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The Daily Cardinal Est. 1892
Sunday, February 05, 2023
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How to water a beet for world domination

The transition to a new editor may result in a bit of an awkward phase, but have no fear — as long as people still have thoughts and feelings, The Beet isn’t going anywhere.

All articles featured in The Beet are creative, satirical and/or entirely fictional pieces. They are fully intended as such and should not be taken seriously as news.

A lot has changed during my time as a contributor and eventual editor for The Beet. When I traded in writing news for being a full time dumb dumb, about one to three articles were published per week — typically written by the same one or two people. 

Now, through lots of hard work and dedication, an earth-shattering three to six articles are published per week. They’re usually still written by the same one or two people, but under a way cooler section name this time. 

Seeing as I’m not currently failing any classes, I’m about to graduate and, consequently, step down from The Daily Cardinal. The transition to a new editor may result in a bit of an awkward phase, but have no fear — as long as people still have thoughts and feelings, The Beet isn’t going anywhere. In that spirit, I would like to provide a bit of advice for this section’s future writers and editors. 

Don’t hesitate to poach from the news team

I loved writing news, but you know what I love even more? Converting news into something that has the potential to make some people smile a little without ignoring what’s going on in the world. 

The Daily Cardinal news writers work incredibly hard, often at hours when people should be sleeping. At The Beet, if a writer is working at 1 a.m., they either A) had a funny invasive thought and won’t be able to sleep until they see it through or B) are drunk — that’s what editing is for. 

Don’t push too hard — chances are, the news editors are good people and you don’t want to screw them over. But if someone has decided that they’d rather write an article about Mrs. Butterworth’s new “most pulp” maple syrup rather than covering the debate team or something (no shade), let them know that there’s an out.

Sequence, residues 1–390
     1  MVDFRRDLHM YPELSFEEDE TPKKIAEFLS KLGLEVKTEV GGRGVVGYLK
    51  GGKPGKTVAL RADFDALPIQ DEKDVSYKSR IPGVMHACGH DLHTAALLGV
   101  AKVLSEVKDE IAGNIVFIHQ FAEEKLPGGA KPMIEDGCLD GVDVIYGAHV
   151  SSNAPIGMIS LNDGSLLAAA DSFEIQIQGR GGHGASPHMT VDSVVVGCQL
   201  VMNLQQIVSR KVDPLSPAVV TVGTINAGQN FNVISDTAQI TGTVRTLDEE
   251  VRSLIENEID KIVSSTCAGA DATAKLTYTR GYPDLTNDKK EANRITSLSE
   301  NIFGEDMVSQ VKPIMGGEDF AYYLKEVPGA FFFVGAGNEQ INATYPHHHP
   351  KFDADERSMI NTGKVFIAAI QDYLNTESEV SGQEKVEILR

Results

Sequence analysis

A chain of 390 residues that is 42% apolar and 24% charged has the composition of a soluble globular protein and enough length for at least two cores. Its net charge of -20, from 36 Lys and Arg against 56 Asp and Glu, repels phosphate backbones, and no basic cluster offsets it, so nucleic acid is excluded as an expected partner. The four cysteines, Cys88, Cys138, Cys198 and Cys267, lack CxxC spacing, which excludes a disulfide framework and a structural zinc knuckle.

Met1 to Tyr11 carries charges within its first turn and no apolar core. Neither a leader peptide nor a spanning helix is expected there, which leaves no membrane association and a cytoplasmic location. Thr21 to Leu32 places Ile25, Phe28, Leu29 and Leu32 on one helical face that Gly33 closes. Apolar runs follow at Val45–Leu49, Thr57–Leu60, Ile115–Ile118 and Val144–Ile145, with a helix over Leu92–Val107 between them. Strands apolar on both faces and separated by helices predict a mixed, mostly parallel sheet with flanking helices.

Let the poets poet

Judging from my time here as well as looking through an ungodly number of papers going back to the Spanish Flu epidemic of 1918, it’s safe to say that satire articles have always been published much more than poetry or other forms of creative writing.

While there’s absolutely nothing wrong with that, try not to lose sight of the fact that, at the end of the day, this is the creative writing section. If people want to reflect on the difficult transition to young adulthood through their hometown’s changing landscape or pay tribute to a beloved family cat that’s close to making biscuits in the sky, this is the spot. Right next to it can be an article about a little kid unknowingly packing his mom’s weed gummies for lunch. Pretty dang cool, right?

Don’t be a dick

Creative writing isn’t the place for arrogance or, frankly, high self-esteem. Poets, literaries and comedians are all known for their poor mental health. That’s not great, but have you ever met one of those three types of people that think they’re absolutely amazing? If so, you probably didn’t ever want to be around them again.

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“Don’t be a dick” extends into writing and editing articles. For one, punch up or at your weight class — never down. No need to stay away from dark jokes, but make sure you’re aiming the joke at the right people.

Well, that’s about all of the advice that I’m likely to squeeze into the top half of the page. If you want to know more, I suppose you’ll have to join The Daily Cardinal and read the (pending) Beet Bible. 

The Cardinal is by far the best cult I’ve ever been part of. As is customary of cults, I’ll never quite leave, so don’t be stunned if you see me drinking a $2 beer on the office’s brown couch in 20 years (you’ll be able to tell it’s me by the beet permanently inked onto my body). In return, I will not be stunned when the office still has not been cleaned.  

Grease and love,

Mackenzie

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Mackenzie Moore

Mackenzie is the first ever editor of The Beet and actually made of over 62% beet.

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